> On 08/11/2015 11:43 PM, Biju G.S Nair wrote:
> Hi Peter,
>    Thanks for the background. Yes. We have seen sleep being called since
> we are using DirectByteBuffers in GBs and the plan is to see whether we can
> go up more than 90 GB. Also we have seen in certain version of Linux kernel
> the 100 ms sleep was insufficient (looking for the real issue on the kernel
> end). This is primarily to best use all the resources on our servers which
> are mostly 32 cores and > 126 GB physical memory. By giving users the
> additional option to set the threshold that would give users like us
> additional lever to control based on the work load/pattern. That is the
> thought. Hope this helps. Please let me know if you have any further
> questions.
> Thanks,
> Biju
> On Tue, Aug 11, 2015 at 5:22 PM, Peter Levart <peter.levart at>
> wrote:
>> Hi Biju,
>> When I was preparing this patch for JDK9, I did the following
>> measurement: Using LongAdders (to avoid Heisenberg) I counted various exit
>> paths from Bits.reserveMemory() during a test that spawned 128 allocating
>> threads on a 4-core i7 machine, allocating direct buffers randomly sized
>> between 256KB and 1MB for 60 seconds, using -XX:MaxDirectMemorySize=512m:
>> Total of 909960  allocations were performed:
>> - 247993 were satisfied before attempting to help ReferenceHandler thread
>> - 660184 were satisfied while helping ReferenceHandler thread but before
>> triggering System.gc()
>> - 1783 were satisfied after triggering System.gc() but before doing any
>> sleep
>> - no sleeping has been performed
>> The same test, just changing -XX:MaxDirectMemorySize=128m (that means 1MB
>> per thread each allocating direct buffers randomly sized between 256KB and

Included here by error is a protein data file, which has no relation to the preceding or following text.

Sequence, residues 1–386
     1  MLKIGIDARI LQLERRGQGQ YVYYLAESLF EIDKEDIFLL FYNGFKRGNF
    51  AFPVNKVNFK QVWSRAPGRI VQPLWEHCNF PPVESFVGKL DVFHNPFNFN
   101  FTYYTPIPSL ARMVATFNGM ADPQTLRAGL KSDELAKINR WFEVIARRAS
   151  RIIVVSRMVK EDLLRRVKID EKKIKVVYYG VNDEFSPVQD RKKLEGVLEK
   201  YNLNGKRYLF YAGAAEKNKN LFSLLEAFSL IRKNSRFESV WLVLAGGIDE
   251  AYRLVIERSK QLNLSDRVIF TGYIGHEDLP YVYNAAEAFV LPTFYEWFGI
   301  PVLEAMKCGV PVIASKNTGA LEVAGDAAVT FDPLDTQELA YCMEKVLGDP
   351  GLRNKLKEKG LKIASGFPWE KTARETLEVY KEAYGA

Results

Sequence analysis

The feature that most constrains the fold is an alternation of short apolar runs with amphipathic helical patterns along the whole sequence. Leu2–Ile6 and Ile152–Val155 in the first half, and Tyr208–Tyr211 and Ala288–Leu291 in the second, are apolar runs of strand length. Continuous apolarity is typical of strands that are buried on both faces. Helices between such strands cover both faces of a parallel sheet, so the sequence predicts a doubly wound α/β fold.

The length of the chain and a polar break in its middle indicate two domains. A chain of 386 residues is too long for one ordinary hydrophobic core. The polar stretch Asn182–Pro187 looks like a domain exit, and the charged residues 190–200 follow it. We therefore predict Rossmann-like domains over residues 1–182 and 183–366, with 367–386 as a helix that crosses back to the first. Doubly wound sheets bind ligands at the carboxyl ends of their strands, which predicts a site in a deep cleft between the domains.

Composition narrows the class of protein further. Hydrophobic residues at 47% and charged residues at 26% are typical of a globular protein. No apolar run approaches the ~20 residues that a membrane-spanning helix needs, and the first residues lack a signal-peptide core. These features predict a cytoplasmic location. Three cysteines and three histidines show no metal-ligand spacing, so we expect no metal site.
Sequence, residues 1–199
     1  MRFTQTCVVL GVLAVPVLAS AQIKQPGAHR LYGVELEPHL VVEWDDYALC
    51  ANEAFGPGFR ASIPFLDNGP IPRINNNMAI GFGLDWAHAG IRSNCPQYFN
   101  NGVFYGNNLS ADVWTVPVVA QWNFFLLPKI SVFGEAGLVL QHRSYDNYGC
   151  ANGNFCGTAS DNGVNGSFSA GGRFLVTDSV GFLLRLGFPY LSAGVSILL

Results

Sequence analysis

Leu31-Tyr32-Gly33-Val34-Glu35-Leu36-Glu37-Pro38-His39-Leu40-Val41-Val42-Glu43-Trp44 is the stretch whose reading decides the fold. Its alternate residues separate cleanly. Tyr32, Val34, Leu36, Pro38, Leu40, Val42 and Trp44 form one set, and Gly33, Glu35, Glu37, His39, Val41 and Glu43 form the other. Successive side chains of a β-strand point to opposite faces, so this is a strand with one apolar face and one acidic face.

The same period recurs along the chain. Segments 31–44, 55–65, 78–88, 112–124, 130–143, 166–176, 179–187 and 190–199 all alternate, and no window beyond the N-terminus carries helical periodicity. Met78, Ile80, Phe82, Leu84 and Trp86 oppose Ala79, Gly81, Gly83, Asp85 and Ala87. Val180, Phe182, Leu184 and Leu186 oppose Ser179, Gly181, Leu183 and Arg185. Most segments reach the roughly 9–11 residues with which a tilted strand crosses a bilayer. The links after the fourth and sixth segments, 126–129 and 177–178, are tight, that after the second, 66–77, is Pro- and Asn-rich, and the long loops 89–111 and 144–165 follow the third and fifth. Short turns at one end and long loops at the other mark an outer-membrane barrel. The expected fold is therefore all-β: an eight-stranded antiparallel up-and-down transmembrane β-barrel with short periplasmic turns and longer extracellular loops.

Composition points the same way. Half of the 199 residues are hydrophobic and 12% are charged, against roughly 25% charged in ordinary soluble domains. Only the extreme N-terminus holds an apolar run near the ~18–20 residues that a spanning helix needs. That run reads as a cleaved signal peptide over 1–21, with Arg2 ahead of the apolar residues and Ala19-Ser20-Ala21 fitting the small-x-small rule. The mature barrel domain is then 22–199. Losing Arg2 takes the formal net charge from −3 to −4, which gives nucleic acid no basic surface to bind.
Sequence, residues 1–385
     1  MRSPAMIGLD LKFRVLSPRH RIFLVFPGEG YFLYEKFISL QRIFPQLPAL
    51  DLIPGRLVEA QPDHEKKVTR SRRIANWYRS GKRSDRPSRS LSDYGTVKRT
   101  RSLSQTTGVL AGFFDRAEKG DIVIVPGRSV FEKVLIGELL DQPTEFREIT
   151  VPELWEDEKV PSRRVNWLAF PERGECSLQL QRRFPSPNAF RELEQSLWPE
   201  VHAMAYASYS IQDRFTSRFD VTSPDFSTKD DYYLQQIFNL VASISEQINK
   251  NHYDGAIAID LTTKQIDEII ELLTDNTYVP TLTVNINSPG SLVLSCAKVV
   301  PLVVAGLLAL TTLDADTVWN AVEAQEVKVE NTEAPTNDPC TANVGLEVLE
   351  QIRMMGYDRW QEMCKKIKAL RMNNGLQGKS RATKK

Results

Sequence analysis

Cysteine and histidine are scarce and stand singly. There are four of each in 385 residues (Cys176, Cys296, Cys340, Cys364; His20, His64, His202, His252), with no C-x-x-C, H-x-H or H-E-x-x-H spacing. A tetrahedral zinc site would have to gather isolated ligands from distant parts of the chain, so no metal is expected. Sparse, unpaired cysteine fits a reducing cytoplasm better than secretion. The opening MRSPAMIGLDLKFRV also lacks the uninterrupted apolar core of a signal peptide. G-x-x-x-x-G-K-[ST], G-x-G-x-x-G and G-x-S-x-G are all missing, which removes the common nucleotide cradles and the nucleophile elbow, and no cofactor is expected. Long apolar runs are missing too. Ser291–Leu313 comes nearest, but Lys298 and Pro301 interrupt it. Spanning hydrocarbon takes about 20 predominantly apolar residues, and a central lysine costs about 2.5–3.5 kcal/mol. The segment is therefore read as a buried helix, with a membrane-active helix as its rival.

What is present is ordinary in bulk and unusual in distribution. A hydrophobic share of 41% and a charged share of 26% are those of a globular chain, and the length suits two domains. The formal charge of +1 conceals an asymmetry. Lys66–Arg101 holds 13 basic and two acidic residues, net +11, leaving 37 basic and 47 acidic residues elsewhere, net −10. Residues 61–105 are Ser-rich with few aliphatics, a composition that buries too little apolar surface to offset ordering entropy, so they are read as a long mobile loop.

>> 1MB):
>> Total of 579943 allocations were performed:
>> - 131547 were satisfied before attempting to help ReferenceHandler thread
>> - 438345 were satisfied while helping ReferenceHandler thread but before
>> triggering System.gc()
>> - 10016 were satisfied after triggering System.gc() but before doing any
>> sleep
>> - 34 were satisfied after sleep(1)
>> - 1 was satisfied after sleep(1) followed by sleep(2)
>> Have your observations been different? Did you observe sleep() been
>> called in a real-world application?
>> Regards, Peter
>> On 08/11/2015 04:11 PM, Biju G.S Nair wrote:
>> Hello All,
>>    While the patch
>> currently applied to jdk 9 (which I had requested to be back ported to JDK
>> 8 & 7) fixes the OOM exception during memory allocation by exponentially
>> increasing the sleep time, this can negatively impact low latency
>> applications using DirectByteBuffers. If we are able to provide a new JVM
>> parameter which the users can set to a percentage value of DirectBuffer use
>> as threshold when the "System.gc()" call in java/nio/ to be made,
>> then the probability of sleep time being much lower is high. Also it gives
>> users some control over when the gc() need to be requested instead of
>> starting the gc() at the last moment when the direct memory is used fully.
>> Without knowing all the details, to me it looks like a straight forward
>> change. Let me know if there is any issue with the proposed change. If this
>> change is a possibility let me know how I can make a request for this
>> change.
>> Thanks,
>> Biju